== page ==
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Japanese beetles ransacking local gardens-what to do about it


August 28, 2019

Courtesy Photo Japanese beetles leave behind leaves and flowers that look like demented lace, and they’re not choosy about what they gobble.

Japanese beetles—those colorful, iridescent compact munching machines that have been decimating gardens up and down the Front Range this year—have reached record numbers in our area, and will continue to multiply and thrive unless a combined effort from all of us helps curb their proliferation.

If you don’t know what these destructive insects look like, you can track them by their trail of indiscriminate feasting. They leave behind leaves and flowers that look like demented lace, and they’re not choosy about what they gobble. Follow the destruction and you’ll soon find beautiful scarab beetles with green heads and iridescent coppery shells. If you’re a bug lover, you’ll be enchanted with their look until you realize how destructive they are and will continue to be. Then you’ll move quickly from entomologist to vengeful bug murderer.

Colorado was invaded by the beetle in the 1990s, and the numbers have grown steadily since. Gobbling up over 300 species of fruits, ornamental plants and grasses in the Colorado landscape, these wee beasties need to be controlled by both commercial and private parties in order to bring the numbers of the invasive pest down each year.

To understand the “how” of Japanese beetle (JB) management, it helps to know why these moisture and humidity-loving beetles thrive in our semi-arid climate. A look around at the verdant lawns, lush gardens and well-watered road medians in Boulder County provides the answer: We’ve created a perfect environment for the life cycle of this invasive pest. They love our well-irrigated landscapes, and they adore such plants as roses, Lindens, Virginia Creeper, hollyhock and grapes—all very common in our area.

The most common and very time-consuming method of dealing with the bugs involves plucking them from plants and chucking them into a container of soapy water, or squashing them immediately. Be quick about both methods, because they can fly away fast. This method takes care of the JB on your plants, but what about your neighbors’ gardens?

As mentioned, these little munchers fly. So if you’re plucking and squashing, you might want to encourage your neighbors to participate in the same activity.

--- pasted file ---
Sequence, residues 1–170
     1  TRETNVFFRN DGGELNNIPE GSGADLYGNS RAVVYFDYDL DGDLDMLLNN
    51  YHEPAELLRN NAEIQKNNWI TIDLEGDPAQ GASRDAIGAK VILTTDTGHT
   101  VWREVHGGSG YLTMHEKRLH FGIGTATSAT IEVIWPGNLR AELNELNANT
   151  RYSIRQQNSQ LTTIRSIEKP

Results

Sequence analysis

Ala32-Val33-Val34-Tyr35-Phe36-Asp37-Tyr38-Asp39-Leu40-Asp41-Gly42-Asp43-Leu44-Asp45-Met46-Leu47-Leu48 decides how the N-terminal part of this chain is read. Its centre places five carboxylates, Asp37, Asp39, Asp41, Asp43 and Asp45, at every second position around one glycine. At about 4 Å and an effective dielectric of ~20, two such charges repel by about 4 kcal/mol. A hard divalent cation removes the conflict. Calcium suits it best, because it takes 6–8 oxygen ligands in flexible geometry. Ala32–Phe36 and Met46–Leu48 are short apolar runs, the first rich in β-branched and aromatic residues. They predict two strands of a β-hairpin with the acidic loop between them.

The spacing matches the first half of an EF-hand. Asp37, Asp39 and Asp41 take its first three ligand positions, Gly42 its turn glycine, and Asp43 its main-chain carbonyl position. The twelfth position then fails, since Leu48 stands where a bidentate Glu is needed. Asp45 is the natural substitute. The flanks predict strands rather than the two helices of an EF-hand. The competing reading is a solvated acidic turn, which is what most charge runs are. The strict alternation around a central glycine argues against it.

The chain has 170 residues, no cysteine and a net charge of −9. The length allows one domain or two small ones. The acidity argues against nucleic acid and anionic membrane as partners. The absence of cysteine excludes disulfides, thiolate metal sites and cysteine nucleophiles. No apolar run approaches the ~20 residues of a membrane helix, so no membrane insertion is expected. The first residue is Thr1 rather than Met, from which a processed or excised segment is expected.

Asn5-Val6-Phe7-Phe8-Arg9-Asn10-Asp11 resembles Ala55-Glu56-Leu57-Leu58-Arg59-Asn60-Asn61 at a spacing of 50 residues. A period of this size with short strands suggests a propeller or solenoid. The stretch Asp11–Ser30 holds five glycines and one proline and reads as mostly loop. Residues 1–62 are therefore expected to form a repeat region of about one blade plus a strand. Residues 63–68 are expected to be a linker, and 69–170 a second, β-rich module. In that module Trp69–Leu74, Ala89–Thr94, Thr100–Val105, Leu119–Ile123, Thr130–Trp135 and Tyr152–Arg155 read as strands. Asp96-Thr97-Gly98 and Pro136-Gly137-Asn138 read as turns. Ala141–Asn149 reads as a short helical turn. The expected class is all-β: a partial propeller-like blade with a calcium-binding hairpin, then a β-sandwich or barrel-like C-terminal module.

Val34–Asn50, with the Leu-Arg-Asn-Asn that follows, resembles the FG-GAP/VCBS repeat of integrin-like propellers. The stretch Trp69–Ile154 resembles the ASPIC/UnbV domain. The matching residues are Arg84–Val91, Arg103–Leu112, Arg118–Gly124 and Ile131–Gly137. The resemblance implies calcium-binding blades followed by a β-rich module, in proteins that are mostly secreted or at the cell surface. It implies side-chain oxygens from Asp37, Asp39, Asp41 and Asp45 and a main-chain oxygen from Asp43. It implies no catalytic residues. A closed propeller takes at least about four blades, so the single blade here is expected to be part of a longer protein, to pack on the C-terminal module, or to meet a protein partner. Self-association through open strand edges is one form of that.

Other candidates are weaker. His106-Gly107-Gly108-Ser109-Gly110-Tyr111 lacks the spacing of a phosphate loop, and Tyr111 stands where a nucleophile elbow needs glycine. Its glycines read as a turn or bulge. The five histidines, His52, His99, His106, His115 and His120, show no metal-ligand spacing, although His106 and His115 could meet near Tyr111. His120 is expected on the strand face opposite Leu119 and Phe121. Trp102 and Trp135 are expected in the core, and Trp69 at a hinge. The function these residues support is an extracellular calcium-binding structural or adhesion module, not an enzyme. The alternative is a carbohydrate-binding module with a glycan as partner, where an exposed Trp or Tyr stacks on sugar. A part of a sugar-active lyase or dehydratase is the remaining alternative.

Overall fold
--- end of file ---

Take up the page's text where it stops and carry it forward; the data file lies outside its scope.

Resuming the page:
This method is fine and dandy for the immediate defense of your prize-winning roses, but considering how rapidly the JB has spread along the Front Range, it seems that we need to take a multi-pronged approach to their management. A concerted effort that involves cultural, biological and possibly chemical controls.

The cultural effort needs to include educating ourselves and our neighbors about the JB and its life cycle. The adult JB burrows into the ground and lays its eggs only in moist soil around July. Its fat, white grub then lives deep in the soil until the next year’s late spring, when it emerges and gets ready to fly up to a mile for a meal.

If we all participate in watering less during the critical underground life stages of the JB grub July-September; growing lawn grass longer between mowings; aerating lawns with good old-fashioned lawn spike shoes; and promoting healthier root growth in lawns, as the JB grubs eat root masses, and a healthier root mass can tolerate their excessive munching. Also worth consideration: planting fewer plants the JB loves.

The next step—biological control—happens all year long, and while it isn’t for immediate control of the JB, we’re playing the long game here. Plus, it’s safe for the bees.

Beneficial nematodes are actually parasites that enter through the body walls and natural openings of the JB grub, and introduce a bacteria into the grub which then kills it. The handy nematodes then eat up the bacteria and the decomposing body ot the grub. Nematodes must be applied to your landscape in the spring and fall. They can be purchased at garden supply stores and online.

Photo by Dani Hemmat Colorful and iridescent, Japanese Beetles have showed up in droves on the Front Range this year and are leaving a wake of destruction in their path.

Before you’ve deposited those handy nematodes, use Milky Spore. This is a bacterium that is lethal to the JB grub, and has no known effects on beneficial insects or food crops. You can apply it dry to your soil, then spray on your nematodes for a one-two punch to the JB life cycle. Know that these methods take a year or two to establish better grub control, but they are effective and worth it.

As far as chemical controls go, we don’t want to use anything that would harm beneficial insects, like our beloved and endangered bees. Pyrethrins, chemicals that are found naturally in some chrysanthemum flowers, are commonly used to control such insects as fleas, can be used to kill the JB, but they are highly toxic to bees. Natural is not synonymous with safe.

Neem oil is a natural repellent that, when sprayed on the desirable plants, discourages feeding. It doesn’t harm anything, but when applied before the JB is spotted or right at the first sighting, it helps keep them off your plants. Neem must be applied regularly and consistently to do its job. It’s sort of like spraying liver on chocolate cake. It just won’t be tasty after that.


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